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Schoeps Super CMIT experience?

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Hi Guy's,

 

I'm wondering what your experience is with the Schoeps Super CMIT in daily use, and what the feedback is from post production, or if you work in post.... your own opinion.

 

What I experience is that the DSP sometimes is audible, of course even more in the tightest setting.

It almost sounds like a gate when fast loud noises are present, for example next to a highway.

Also I got some feedback from post that this (gating) DSP, which most times I can't hear on set for it's subtlety, is audible for them. Because they also use these techniques in post... it's one effect on the other, something they don't like.

 

A couple of projects back I recorded in a rural environment with a highway 'hum' in the background. This was the only time I truly was satisfied with the mic.

 

I use the mic with my SD 788T, but because the sub-d connector on the bottom of the recorder, where the AES42 input is situated, isn't shielded I get allot of RF spray. So I use the mini DA42 pre-amp from Schoeps to do the DA conversion for me.

 

There are a couple of topic's about this mic, but none with this question as far as I could see.

 

Let me know what your opinion is or if you have some tip's 'n trick's.

 

cheers, Reinout.

 

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I have done three features with my two SuperCMITs. in noisy outdoor locations. I can assure you - although it is not a magic wand to ward off ALL kinds of noise, it is a brilliant piece of technology yet to be surpassed - as of now. 

 

-vin

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Read here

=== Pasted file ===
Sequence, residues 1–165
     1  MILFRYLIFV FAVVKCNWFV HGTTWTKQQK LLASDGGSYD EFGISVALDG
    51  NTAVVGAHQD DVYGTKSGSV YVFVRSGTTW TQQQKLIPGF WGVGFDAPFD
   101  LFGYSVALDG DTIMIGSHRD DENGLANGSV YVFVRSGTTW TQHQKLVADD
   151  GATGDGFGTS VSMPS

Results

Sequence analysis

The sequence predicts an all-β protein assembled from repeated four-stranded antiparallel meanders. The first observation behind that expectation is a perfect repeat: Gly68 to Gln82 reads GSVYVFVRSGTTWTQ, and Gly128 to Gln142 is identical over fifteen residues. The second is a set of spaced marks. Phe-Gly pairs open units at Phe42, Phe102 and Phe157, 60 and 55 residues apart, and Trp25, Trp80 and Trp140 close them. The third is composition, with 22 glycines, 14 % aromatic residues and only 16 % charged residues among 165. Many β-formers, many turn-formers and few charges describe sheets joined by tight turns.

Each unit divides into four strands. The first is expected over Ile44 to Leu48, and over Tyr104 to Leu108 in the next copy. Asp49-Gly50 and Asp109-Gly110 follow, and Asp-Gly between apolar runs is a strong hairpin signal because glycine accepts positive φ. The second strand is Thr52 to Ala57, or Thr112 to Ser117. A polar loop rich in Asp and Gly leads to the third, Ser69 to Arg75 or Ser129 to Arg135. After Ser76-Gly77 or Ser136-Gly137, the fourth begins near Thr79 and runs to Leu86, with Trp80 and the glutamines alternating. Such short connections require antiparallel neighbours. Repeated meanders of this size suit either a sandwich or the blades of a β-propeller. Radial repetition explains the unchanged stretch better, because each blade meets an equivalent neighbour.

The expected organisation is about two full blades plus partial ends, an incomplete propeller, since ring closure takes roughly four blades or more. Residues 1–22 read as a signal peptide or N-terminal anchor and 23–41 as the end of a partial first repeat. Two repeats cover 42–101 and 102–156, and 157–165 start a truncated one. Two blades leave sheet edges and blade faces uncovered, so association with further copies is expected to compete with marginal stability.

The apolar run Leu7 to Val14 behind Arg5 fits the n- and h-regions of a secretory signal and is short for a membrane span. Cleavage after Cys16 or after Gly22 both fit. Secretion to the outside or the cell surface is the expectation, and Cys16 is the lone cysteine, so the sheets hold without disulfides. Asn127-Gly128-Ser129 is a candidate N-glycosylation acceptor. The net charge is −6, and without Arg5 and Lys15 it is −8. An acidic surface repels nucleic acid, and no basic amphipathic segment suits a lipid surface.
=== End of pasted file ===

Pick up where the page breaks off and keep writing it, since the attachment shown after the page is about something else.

Ow nice stuff, thanks. I can relate with some opinions.

 

yeah, and read through to the end to see my comment. 

a little confused here - does not the 788T offer AES42 inputs directly through the mic inputs, with them set at AES42? 

 

Why do you need to use the D-Sub connector for this?

 

-vin

Vin, the 788 has different inputs for AES3 and AES42 as you can see below. I/O – Digital in the 788T
  • Balanced AES in 1-8 on DE15 connector 110 ohm, 2 V p-p, AES and S/PDIF compatible with RCA adaptor, AES42 mode 1 compatible and provides 10 V to AES42 microphones
  • AES3 Balanced AES out 1-4 on TA3 connector; Balanced AES out 5-6 on DE15 connector 110 ohm, 2 Vp-p, AES and S/PDIF compatible with RCA adaptor

Are there any post people here who wish to share their experience? would apreciate :)

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I wouldn't use setting number 2 unless i was presented with a situation that was 100% sure to be ADR'd unless i could do something radical.

Setting number 2 was not designed for film and TV drama use,it is extremely harsh and severe.

 

Setting number 1 is far more subtle and unless presented with an extremely difficult off axis sound that is full range and not constant (waterfall,fast moving road very close,heavy wind in trees blowing leaves) it is extremely difficult to hear DSP artefacts in my opinion.

 

The Super CMIT is an amazing tool,but just like any tool we have at our disposal it is not the best for every job but when it is required it can be a game changer in the hands of an experienced boom operator.

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A great way to run it is with the 742 tx. It sends both effected and unaffected channels to the qrx. Let post choose and its a cool option for them.

I rented one for a shoot on the ocean recently. It was a locked off shot though. It worked real nice. They used the dsp channel. (Setting 1)

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The Super CMIT is an amazing tool,but just like any tool we have at our disposal it is not the best for every job but when it is required it can be a game changer in the hands of an experienced boom operator.